Judge loopus told us to sit and the floor shook he

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Unformatted text preview: re folks were more tolerant. The notion of a black woman going to college in the 1920s was Generated by ABC Amber LIT Converter, http://www.processtext.com/abclit.html downright crazy." The story was running in many directions. I wanted to record some of it but I had not brought a notepad. The image of a young black girl living in an antebellum home speaking Italian and listening to the opera in Mississippi fifty years earlier had to be unique. "Did you work in the house?" I asked. "Oh yes, when I got older. I was a housekeeper, but I never had to work as hard as the others. Nicola wanted me close by. At least an hour every day we would sit in her parlor and practice speaking. She was determined to lose her Italian accent, and she was just as determined that I would have perfect diction. There was a retired schoolteacher from town, a Miss Tucker, an old maid, I'll never forget her, and Nicola would send a car for her every morning. Over hot tea we would read a lesson and Miss Tucker would correct even the slightest mispronunciation. We studied grammar. We memorized vocabulary. Nicola drilled herself until she spoke perfect English." "What happened to college?" She was suddenly exhausted and story time was over. "Ah, Mr. Traynor, it was very sad. Mr. DeJarnette lost everything back in the 1920s. He'd invested heavily in railroads and ships and stocks and such stuff, and went broke almost overnight. He shot himself, but that's another story." "What happened to Nicola?" "She managed to hold on to the big house until the Second War, then she moved back to Memphis with Mr. and Mrs. Rossetti. We swapped letters every week for years, I still have them. She died four years ago, at the age of seventy-six. I cried for a month. I still cry when I think of her. How I loved that woman." Her words trailed off and I knew from experience that she was ready for a nap. Late that night I buried myself in theTimes archives. On September 12, 1930, there was a front page story about the suicide of Zachary DeJarnette. Despondent over the collapse of his busines...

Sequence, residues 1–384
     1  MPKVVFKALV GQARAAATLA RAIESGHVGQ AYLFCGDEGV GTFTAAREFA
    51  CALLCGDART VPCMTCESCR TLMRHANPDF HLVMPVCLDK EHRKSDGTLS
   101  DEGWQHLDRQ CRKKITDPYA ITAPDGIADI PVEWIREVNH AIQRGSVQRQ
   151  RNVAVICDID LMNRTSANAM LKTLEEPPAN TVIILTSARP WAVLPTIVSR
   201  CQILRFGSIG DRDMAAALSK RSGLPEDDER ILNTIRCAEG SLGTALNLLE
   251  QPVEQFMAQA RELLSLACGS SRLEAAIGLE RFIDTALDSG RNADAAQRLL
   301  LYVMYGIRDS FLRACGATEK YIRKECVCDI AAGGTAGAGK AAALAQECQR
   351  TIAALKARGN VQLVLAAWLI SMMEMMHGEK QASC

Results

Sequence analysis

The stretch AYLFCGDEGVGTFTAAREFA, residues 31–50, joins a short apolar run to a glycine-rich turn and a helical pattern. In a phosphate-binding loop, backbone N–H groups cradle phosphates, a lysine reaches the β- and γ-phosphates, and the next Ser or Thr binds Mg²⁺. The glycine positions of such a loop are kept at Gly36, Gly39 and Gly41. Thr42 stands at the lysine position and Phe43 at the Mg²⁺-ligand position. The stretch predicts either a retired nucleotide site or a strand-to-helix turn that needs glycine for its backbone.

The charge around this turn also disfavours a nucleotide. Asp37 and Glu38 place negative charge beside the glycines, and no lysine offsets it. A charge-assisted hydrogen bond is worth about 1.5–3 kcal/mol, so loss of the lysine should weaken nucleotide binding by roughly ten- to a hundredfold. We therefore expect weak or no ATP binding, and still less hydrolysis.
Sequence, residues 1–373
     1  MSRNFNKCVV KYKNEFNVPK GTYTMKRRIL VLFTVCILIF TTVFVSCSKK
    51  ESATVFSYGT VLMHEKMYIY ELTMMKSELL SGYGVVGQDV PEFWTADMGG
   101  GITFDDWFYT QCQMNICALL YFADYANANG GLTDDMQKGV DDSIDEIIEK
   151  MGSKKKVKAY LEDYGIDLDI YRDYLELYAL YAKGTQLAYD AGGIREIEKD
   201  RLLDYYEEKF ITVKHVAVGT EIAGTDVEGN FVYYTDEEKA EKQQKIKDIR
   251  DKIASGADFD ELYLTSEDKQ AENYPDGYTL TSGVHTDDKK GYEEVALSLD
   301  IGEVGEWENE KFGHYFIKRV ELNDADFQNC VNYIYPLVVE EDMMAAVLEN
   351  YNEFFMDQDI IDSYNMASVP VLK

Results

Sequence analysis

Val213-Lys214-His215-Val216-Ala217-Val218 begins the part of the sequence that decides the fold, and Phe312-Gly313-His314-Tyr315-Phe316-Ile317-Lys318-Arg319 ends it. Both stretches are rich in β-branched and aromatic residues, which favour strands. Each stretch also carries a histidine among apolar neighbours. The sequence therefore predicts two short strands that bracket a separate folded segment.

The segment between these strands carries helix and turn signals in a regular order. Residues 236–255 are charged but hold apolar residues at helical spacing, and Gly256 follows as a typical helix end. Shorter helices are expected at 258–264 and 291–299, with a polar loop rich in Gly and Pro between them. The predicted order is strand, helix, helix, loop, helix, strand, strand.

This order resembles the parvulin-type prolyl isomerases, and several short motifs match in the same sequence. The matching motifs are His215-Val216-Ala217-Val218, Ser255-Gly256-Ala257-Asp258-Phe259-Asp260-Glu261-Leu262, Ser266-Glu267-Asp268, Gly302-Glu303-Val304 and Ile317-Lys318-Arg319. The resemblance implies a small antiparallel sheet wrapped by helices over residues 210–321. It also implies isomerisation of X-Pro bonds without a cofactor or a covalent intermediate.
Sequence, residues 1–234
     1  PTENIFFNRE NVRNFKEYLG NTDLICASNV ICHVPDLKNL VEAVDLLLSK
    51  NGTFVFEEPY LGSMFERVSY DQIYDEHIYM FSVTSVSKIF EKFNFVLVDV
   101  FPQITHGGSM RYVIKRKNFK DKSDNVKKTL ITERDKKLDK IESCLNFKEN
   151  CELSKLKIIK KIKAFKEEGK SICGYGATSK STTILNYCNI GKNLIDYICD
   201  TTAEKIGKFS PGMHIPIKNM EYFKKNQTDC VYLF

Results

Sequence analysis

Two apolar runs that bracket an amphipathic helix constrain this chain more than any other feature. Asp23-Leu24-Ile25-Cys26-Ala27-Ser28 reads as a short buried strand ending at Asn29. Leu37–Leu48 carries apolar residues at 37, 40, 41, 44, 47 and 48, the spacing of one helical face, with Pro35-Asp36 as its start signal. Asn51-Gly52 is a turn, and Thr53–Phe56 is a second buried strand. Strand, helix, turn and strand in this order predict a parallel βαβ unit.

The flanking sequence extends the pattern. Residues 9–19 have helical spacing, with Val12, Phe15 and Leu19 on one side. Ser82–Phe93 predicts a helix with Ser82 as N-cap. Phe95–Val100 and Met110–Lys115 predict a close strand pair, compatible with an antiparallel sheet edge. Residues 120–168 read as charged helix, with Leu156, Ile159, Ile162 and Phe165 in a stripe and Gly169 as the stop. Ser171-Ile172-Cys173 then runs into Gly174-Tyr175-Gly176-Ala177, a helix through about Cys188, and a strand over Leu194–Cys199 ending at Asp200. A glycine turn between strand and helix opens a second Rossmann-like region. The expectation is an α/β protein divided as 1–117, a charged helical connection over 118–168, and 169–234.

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This note was uploaded on 07/18/2010 for the course LIT 301 taught by Professor Dra during the Spring '10 term at American College of Computer & Information Sciences.

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